Celebrate Your Way

Call us cheesy. Call us old-fashioned.

We unabashedly love the holidays, and we’re not afraid to admit it. The songs, the parties, the food: bring it on! Every last card, cookie, and carol. Just give us a minute to put on this ugly sweater…

The end of the year is time for celebration. A time to appreciate all that we have, from the roof over our heads to the warm socks on our feet. It is a season spent surrounded by people that most often put a smile on our faces; who bring out the best of us and make us feel at home.

It is the time of year when words like ‘hustle’ and ‘bustle’ don’t bother us so much. The holidays go by fast; so fast in fact that if we’re not careful, we’ll blink and realize that the the champagne toasts are over, and it’s time to get back to the harsh reality that comes with the 2nd of January.

That is why holiday traditions are so important. Whether you light the menorah, place a star on top of the tree, or settle in for a grand karamu feast, your traditions take you back in time, remind you who you are. They help each of us realize the things that truly matter in our lives. Perhaps most important, they remind us of what it was like to see life through the eyes of a child.  When the doubt and apprehension that comes with adulthood didn’t exist, and only hope and possibility could shape the world around us.

So before December comes to a close, we thought we’d look at some of the great holiday traditions from around the world. Heck, it’s never too late to start something new.

Mari Lwyd – Wales

It’s late December. You hear a knock on the door – who could it be? Oh, it’s just an elaborately decorated horse’s skull attached to a long wood pole and covered by a sheet! Fear not, it’s only the Mari Lwyd (or the Grey Mare) and her party of revelers. Think of this tradition like a Welsh rap battle – the half dozen or so visitors engage the residents of the home or pub on whose door they knocked in a singing and rhyming contest. If they win, they are welcomed inside for good luck (and more merriment).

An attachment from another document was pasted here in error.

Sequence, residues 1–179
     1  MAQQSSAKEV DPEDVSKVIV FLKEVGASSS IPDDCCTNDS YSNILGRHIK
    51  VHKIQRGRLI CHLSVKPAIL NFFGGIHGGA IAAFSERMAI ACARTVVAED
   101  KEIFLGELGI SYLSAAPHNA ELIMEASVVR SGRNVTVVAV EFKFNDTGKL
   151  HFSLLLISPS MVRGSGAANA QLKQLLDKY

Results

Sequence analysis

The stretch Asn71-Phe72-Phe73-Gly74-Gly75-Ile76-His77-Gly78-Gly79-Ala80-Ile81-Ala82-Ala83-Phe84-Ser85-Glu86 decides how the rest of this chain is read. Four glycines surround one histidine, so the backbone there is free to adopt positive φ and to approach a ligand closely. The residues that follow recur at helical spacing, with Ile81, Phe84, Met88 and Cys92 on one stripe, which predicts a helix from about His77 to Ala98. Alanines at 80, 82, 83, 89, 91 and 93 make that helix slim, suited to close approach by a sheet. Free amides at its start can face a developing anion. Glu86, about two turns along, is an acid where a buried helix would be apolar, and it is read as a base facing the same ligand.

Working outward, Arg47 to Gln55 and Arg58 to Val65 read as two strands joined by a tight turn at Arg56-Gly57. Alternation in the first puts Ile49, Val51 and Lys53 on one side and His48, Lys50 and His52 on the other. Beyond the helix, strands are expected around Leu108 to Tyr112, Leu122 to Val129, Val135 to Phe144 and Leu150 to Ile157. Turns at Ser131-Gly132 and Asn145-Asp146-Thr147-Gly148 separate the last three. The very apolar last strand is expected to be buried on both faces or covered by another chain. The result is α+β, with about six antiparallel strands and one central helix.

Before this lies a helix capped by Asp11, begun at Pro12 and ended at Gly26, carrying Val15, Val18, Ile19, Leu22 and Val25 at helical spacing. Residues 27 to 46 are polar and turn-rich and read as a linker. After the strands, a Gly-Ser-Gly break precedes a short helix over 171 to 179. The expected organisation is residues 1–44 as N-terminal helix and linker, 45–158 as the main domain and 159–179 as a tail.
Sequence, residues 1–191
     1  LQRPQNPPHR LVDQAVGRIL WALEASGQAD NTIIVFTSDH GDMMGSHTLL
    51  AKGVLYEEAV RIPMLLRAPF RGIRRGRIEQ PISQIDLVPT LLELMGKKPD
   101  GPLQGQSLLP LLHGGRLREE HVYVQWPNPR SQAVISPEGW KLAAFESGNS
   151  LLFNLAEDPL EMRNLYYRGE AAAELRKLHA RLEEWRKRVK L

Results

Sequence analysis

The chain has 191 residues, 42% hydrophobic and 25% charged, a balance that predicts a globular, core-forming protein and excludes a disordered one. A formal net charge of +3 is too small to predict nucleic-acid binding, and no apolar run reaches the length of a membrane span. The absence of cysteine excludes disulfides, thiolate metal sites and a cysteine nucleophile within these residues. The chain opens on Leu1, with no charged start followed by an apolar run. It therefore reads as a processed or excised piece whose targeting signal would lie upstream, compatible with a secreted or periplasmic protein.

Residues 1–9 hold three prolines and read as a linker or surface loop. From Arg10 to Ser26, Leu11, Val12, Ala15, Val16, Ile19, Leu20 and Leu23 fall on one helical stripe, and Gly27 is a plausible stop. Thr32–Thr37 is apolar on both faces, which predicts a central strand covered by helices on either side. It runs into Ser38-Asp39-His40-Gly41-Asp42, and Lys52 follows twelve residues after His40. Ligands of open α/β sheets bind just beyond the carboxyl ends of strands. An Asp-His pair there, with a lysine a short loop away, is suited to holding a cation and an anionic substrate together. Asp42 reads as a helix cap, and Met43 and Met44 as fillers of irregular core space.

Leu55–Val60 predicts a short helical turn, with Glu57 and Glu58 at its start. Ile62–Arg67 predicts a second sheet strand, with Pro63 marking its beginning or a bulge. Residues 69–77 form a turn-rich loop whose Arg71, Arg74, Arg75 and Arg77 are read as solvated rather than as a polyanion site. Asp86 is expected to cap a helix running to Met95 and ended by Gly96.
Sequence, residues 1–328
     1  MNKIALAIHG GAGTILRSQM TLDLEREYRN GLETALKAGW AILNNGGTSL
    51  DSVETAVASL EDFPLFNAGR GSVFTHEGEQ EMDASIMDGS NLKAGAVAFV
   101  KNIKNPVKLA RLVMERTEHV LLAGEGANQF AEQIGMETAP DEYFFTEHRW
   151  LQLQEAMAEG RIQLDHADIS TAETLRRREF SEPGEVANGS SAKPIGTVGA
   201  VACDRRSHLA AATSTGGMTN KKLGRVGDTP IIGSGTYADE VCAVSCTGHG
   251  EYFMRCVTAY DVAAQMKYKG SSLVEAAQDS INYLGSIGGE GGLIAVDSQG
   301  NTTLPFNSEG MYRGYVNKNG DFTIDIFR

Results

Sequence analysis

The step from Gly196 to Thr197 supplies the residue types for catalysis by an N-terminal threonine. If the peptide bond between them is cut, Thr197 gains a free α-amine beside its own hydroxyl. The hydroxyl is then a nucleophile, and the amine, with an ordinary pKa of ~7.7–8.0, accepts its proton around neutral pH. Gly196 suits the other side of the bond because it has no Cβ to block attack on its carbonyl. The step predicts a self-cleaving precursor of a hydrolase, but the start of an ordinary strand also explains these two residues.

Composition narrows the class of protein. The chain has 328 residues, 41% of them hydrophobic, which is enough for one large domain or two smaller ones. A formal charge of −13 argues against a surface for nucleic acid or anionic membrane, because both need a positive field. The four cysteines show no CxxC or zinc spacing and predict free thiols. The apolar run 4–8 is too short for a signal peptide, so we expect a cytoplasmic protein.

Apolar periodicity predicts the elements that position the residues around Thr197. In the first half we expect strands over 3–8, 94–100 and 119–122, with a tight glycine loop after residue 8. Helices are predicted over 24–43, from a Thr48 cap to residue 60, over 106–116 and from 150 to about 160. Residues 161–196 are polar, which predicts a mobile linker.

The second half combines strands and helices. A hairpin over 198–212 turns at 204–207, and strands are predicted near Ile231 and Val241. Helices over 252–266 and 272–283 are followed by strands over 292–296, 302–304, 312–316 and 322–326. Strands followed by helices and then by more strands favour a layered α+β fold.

Photo Courtesy of This Is Gower


La Quema del Diablo – Guatemala

The Guatemalan’s have no time for snow – La Quema del Diablo (The Burning of the Devil) is all about ending the year with a blaze. Typically held on or around December 7, people sweep their homes and collect trash in order to basically create a massive heap of garbage in the street. The pile is then topped with an effigy of the Devil, and set aflame! Only then can the Christmas traditions begin, as the year has now been cleansed of negative energy and evil spirits.


Photo Courtesy of Soy502

Befana – Italy

Move over St. Nick. In Italy, once the sun sets on January 5 (or Epiphany Eve), it’s time for a visit from the Christmas Witch, known affectionately as Befana. A kind and benevolent witch, she delivers toys, clothing, and candy to well-behaved children. Just one thing – you can forget the milk and cookies. Adults traditionally leave a hearty plate of broccoli and sausage out for Befana, accompanied by a hearty glass of wine (that’s our kind of girl!).


Photo Courtesy of napolidavivere

Christmas – Australia

What’s the big deal? They celebrate Christmas like plenty of other people, and it even takes place on the 25th! While Australians may share most of the holiday traditions that we do stateside, consider this: December is smack dab in the middle of summer Down Under. With no chance of a White Christmas, Aussies head straight to the beach, where they typically celebrate being together by swimming and playing a game of volleyball (JEALOUS).


Photo Courtesy of abc.net.au

Around the world, each of these traditions has one thing in common: they are celebrations of hope, togetherness, and new beginnings. We hope that you spend the next couple of weeks with those you love, looking forward to the future.

Happy Holidays from d’aprile properties!

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